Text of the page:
We decided to start out on the pump track, instead of going straight onto the proper track. We did this to get used to being on our bikes again, after a while. Lily also rode around the field opposite the track to familiarise herself with riding her bike. After a while of stumbling around the pump track, we attempted the back straight on the actual track. We chose this part of the track because it was easy enough for our ability, but still challenged us. Cy made sure that we were okay and guided us around the track when we first got started. The whole event had an amazing atmosphere. It was really laid back and relaxed. Meaning we didn’t feel pressured to be on the track the whole time or having to ride at a certain standard.

WoS at Bolehills

Lily writes...At the end of the night, Rich bought fish and chips for everyone there. Everyone was chatting to each other and sharing bikes (and food). It felt really special. We both felt really inspired by all the experienced women riders there. They are incredible! And they made us want to continue riding in hopes of becoming as experienced as them in the future. Thank you to everyone who came out for the event, it was a really great night!

WoS at Bolehills

Women of Steel Facebook group…

16/06/2021 - Big Ride = Big Smiles

Peak District Challenge

100 miles, big smiles

Emma Morris Adventures

Keen cyclist, member of the local uni mountain bike club, founder of Women In Cycling Festival and all-round lovely person Emma Morris set herself a challenge of riding 100 miles of mountain bike trails, she faced more obstacles than you can imagine - but overcame it all to complete the challenge, and she came away smiling.

Emma writes... Last year whilst undertaking the obligatory COVID zoom quizzes, my friends and I decided we wanted to ride 100 miles whilst conquering all the great Peak district descents. Our first attempt was on Summer Solstice 2020, but some bad route planning and poor time management meant we only managed 81miles.

Convinced we had it in us, we planned for another attempt in late 2020 but a few mishaps got in the way. First, I broke nine bones by face-planting a car, and then my friend Diesel - jealous of my broken bones - decided to shatter his leg in a motocross accident. But, after all that we remained keen. All year we were chatting about the ride, refining the route and getting hyped! In another obstacle, our bikes took a bit of a beating during some seriously intense winter riding. My new Cotic Jeht not yet ready, Cotic were generous enough to lend me a Flaremax for the big day. We just had to hope Diesel's bike would survive the ride.

Setting off at 2.40am - with our bikes and bags fully loaded - it felt like we were going on a proper adventure and we were stoked! We reached 50k by 7am and we were feeling great. The furthest point was Glossop so we were never that far away from home. It was both awesome and depressing looking around the hills and seeing exactly where we had been and where we had got to go. We'd done Stanage, Bamford, Hathersage, Froggatt, Curbar, Baslow, Hassop, Longstone, Eyam, Shatton Moor, Bradwell before 10.30am.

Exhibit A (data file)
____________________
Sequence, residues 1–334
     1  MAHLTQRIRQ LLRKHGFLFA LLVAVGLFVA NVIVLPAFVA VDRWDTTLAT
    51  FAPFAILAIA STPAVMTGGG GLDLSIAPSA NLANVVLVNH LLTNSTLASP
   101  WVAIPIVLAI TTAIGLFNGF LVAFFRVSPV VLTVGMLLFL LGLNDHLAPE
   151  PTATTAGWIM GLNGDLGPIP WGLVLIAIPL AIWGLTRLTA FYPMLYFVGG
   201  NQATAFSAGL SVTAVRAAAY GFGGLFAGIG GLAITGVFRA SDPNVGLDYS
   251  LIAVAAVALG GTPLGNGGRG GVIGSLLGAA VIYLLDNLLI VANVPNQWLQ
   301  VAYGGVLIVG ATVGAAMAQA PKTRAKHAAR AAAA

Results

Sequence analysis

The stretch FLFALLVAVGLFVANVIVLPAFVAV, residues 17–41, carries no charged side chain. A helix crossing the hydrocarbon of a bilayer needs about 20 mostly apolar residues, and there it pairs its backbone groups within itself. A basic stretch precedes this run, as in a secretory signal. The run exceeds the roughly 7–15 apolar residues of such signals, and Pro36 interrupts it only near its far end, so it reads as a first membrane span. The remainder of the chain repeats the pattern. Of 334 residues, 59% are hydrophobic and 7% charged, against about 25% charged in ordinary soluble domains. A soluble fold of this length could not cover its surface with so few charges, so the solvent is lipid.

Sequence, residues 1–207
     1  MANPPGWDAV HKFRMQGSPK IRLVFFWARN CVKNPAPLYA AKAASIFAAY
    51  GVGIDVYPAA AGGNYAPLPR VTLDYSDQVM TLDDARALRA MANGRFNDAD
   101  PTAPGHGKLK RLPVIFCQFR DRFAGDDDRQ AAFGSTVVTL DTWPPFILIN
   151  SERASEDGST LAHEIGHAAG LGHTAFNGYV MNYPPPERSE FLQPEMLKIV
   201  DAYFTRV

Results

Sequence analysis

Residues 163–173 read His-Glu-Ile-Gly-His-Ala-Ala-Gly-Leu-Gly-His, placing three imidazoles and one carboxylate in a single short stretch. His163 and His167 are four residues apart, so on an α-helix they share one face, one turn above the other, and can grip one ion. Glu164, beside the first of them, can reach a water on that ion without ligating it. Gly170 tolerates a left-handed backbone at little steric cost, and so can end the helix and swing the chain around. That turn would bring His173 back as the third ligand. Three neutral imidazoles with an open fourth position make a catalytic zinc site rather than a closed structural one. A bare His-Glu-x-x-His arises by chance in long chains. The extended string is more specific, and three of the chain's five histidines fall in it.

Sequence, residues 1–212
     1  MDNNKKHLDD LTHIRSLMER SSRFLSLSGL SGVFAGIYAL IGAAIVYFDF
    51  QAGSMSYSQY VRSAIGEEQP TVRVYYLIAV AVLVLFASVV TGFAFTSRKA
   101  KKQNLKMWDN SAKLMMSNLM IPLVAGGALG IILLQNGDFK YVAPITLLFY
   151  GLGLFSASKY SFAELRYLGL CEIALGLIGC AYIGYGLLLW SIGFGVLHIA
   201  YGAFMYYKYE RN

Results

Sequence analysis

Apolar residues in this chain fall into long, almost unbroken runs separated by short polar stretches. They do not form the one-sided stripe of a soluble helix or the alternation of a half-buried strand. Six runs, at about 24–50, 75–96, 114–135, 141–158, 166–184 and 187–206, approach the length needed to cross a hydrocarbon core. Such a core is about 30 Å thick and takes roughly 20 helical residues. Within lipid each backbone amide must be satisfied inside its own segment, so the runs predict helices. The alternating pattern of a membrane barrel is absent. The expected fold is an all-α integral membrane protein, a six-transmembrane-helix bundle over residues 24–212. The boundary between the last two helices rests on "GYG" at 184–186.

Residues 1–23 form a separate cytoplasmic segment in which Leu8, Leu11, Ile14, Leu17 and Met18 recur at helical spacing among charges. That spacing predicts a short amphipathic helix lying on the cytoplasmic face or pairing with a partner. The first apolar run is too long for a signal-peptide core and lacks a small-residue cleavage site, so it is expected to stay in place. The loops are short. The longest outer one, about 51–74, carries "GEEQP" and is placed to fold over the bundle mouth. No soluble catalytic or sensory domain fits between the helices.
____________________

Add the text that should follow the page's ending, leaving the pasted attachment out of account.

Emma Morris Adventures

As we were riding up Pindale, we decided to save energy and cut out Cavedale and Winnats Pass. BEST DECISION EVER! Instead we headed up Rushups Edge to Jacob's Ladder - boy was that painful when you're tired and carrying 21 hours worth of food and water...

About 100km in (around Potato Alley) I hit the wall- it was the biggest test of mental strength I've had. We were pushing as fast as we could but still going slowly. Tiredness and hunger hit me hard and I had a silly crash. All was fine though and we kept saying 'just keep pedalling and just keep smiling'.

Emma Morris Adventures

As soon as Glossop was in sight it was like a second burst of energy. The hype was high and so was the energy. We were pedalling some comparatively easy miles and at this point we knew we were going to make it to 100 miles. This felt incredible!

However, half way down Cutgate, Diesel's free hub started seizing - oh no, here we go! Luckily, we bumped into some unprepared riders with a flat tire and whilst we provided them with the tools to fix it, they helped us to get Diesel's cassette spinning again. This was our longest rest point and the first proper conversation we'd had with anyone but each other.

Emma Morris Adventures

We hit 100 miles around Ladybower after coming back over Cutgate and now the final part: getting home.

We were determined to finish on our local routes, so we headed back up via Bamford Edge, past Stanage and along Burbage. By this point, our bums hurt, our feet hurt and we'd been pedalling for 15 hours (20 hours elapsed). We were very tired so we decided to avoid a nasty crash on the tracks and head home on the road.

21 hours after setting off we had done it. Although our bodies were in pain, we felt incredible! We'd ridden 114.5miles (184km) and it felt great to know that we had really pushed ourselves mentally and physically - sooo cool!"

Women of Steel Facebook group…

10/10/2020 - Kelly-Jayne's Cotic Escapade Pregnancy Flat Bar Conversion

SHARE : F t url

Cotic Escapade - The Pregnancy Version

Our Brand Ambassador Kelly-Jayne Emmerson is pregnant, but she's been determined to keep riding. For the first half of her pregnancy she has been getting out, and sticking to more tame terrain aboard her Shimano Gravel Union Cotic Escapade.